DALLAS — Professional truck driver Dale Hankins can’t remember the last time he was home for Christmas.
He’s been an independent driver for the past 10 years and most always spends the holidays inside the cab of his Kenworth.
“I don’t have a wife or kids, I am just sort of a loner here on the road,” Hankins said. “Some people ask me if I get lonely. I don’t. But the thing that gets me the most is the clogged roads during the holiday season.”
Travel over Christmas and New Year’s tends to spread out over many days, so the peaks in the U.S. are likely to be lower than they were during the Thanksgiving holiday.
The busiest days on the road will be Saturday, Dec. 24 and Thursday, Dec. 28, according to transportation data provider INRIX.
Hankins said he remembers a holiday season several years ago when he was stuck in traffic for more than five hours in the Atlanta area.
“I try to plan a little better these days,” he said. “It’s not that bad if you plan. I just grin and bear it. That’s all you can do.”
Drivers traveling through Tennessee will see some relief as the state has announced it is suspending road construction during the Christmas and New Year’s holidays.
The Tennessee Department of Transportation (TDOT) is once again halting all lane closure activity on interstates and state highways in anticipation of higher traffic volumes across the state.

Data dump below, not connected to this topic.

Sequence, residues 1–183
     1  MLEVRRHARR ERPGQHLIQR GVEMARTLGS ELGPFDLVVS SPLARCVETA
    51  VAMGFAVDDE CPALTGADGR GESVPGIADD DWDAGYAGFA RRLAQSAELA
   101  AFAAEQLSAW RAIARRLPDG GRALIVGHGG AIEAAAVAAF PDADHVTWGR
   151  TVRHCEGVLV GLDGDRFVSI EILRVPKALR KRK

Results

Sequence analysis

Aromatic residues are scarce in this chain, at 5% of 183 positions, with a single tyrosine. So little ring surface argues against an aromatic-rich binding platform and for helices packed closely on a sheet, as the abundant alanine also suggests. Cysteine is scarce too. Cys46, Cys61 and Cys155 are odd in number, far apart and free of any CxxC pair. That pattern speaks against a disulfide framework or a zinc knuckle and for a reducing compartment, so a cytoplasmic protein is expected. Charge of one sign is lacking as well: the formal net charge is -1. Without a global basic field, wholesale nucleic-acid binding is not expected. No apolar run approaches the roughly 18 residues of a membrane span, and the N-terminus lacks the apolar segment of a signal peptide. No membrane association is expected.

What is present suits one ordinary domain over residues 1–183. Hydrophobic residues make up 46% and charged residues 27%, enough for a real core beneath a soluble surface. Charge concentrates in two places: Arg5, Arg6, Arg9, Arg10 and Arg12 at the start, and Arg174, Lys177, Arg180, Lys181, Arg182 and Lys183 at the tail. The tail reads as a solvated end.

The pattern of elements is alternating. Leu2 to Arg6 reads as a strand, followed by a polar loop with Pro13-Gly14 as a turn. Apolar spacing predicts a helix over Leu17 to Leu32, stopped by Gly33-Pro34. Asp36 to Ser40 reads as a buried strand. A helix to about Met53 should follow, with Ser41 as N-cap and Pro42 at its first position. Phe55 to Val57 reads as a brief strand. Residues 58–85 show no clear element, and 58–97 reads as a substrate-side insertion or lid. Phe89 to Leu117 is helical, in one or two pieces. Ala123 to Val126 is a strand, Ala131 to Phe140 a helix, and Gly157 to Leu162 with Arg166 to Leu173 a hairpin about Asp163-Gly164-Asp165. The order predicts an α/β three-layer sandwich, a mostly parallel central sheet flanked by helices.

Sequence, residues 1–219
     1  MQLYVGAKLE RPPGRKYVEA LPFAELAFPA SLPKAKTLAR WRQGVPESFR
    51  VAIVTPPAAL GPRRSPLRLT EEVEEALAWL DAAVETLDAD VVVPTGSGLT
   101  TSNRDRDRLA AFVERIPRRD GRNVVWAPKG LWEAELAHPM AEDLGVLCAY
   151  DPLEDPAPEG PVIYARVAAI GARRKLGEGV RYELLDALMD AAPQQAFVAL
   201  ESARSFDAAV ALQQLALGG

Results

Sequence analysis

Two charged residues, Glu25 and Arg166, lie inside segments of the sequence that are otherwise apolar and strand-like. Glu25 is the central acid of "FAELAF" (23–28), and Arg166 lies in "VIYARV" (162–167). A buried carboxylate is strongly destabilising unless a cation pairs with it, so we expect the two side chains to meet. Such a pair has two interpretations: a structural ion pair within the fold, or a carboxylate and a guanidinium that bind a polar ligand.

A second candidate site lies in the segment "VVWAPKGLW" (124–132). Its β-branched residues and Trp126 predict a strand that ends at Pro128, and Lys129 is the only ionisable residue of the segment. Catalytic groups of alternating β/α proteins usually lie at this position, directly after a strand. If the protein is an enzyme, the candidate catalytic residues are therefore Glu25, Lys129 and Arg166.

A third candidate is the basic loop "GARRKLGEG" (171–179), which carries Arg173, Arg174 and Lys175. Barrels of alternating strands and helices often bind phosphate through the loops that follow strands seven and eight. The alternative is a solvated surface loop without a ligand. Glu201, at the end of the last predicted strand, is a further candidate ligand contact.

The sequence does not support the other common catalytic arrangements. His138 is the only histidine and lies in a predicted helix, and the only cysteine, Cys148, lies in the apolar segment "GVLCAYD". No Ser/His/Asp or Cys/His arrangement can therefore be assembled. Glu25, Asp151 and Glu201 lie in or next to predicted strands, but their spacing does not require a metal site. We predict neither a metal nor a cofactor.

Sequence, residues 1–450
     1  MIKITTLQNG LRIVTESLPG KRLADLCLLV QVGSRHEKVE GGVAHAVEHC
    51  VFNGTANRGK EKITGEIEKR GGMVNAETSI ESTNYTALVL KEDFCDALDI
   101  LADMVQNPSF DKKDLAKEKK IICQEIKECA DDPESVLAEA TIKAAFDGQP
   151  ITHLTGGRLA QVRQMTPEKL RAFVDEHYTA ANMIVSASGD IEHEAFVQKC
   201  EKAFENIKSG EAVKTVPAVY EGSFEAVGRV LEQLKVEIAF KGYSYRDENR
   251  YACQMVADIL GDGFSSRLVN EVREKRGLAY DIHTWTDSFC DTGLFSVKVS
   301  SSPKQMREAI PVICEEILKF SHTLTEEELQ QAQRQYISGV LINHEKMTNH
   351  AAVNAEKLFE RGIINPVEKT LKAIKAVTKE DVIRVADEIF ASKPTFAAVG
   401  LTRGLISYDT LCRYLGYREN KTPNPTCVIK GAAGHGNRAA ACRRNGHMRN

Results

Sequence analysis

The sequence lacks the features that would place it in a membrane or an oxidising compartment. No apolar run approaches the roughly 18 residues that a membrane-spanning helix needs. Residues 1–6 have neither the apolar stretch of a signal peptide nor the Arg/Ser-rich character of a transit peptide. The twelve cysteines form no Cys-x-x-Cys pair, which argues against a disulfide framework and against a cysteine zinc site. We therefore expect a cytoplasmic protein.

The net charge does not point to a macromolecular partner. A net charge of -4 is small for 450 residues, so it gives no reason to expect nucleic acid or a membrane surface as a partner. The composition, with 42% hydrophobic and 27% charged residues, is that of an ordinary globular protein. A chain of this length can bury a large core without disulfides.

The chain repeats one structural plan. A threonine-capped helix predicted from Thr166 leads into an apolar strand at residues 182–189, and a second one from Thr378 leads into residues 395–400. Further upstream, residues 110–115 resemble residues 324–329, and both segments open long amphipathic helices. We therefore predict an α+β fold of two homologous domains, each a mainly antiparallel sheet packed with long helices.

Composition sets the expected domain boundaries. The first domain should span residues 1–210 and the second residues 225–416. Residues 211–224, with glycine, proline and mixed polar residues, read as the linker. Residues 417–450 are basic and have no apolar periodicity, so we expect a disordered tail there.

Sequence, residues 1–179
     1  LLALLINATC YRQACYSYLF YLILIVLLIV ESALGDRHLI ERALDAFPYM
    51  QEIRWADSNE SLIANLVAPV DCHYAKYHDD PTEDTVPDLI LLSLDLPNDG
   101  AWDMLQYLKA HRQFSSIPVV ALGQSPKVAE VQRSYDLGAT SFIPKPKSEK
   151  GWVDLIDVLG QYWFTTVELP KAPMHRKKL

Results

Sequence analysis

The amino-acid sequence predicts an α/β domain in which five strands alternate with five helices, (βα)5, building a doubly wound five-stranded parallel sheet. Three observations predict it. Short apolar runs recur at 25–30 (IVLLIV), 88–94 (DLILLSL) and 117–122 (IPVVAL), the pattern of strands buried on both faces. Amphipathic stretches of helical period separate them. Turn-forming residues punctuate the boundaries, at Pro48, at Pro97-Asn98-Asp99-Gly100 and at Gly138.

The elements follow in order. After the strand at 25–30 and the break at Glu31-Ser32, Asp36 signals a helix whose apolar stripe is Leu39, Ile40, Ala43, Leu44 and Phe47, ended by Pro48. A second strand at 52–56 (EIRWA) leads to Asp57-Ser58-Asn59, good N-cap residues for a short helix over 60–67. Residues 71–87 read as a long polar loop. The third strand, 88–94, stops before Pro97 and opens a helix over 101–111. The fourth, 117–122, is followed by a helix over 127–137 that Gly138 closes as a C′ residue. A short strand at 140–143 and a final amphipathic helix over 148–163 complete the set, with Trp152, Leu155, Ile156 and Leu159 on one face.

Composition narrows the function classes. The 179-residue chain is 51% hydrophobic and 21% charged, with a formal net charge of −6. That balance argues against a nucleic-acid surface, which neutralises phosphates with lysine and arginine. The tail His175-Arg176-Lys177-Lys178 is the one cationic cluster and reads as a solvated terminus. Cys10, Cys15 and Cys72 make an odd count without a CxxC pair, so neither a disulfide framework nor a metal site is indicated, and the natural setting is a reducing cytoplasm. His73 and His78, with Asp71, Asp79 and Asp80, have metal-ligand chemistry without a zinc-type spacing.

No temporary lane closures will be allowed for construction on Tennessee roadways beginning at 6 a.m. Friday, Dec. 22, 2023, through 6 a.m. on Tuesday, Jan. 2, 2024.
AAA expects an estimated 2.7 million Tennesseans to travel between December 23 and January 1 with most of them driving.
“Safety is our top priority and with so many people expected to travel Tennessee roadways during the holidays, we want to keep traffic moving and get everyone to their destinations,” said Deputy Governor and TDOT Commissioner Butch Eley. “As always, please wear your seatbelt, reduce your speed, avoid distractions, and move over for emergency vehicles.”
Except for a few long-term closures that must remain for safety, all construction-related closures will be suspended during the holiday period.
Workers may still be on-site in some construction zones. Drivers should obey all posted speed limits, particularly in construction areas. Slower speeds are necessary in work zones due to the temporary layout of the roadway and will be enforced. Drivers convicted of speeding through work zones where workers are present face a fine of $250 to $500, plus court fees and possibly increased insurance premiums.
Born in Pine Bluff, Arkansas, and raised in East Texas, John Worthen returned to his home state to attend college in 1998 and decided to make his life in The Natural State. Worthen is a 20-year veteran of the journalism industry and has covered just about every topic there is. He has a passion for writing and telling stories. He has worked as a beat reporter and bureau chief for a statewide newspaper and as managing editor of a regional newspaper in Arkansas. Additionally, Worthen has been a prolific freelance journalist for two decades, and has been published in several travel magazines and on travel websites.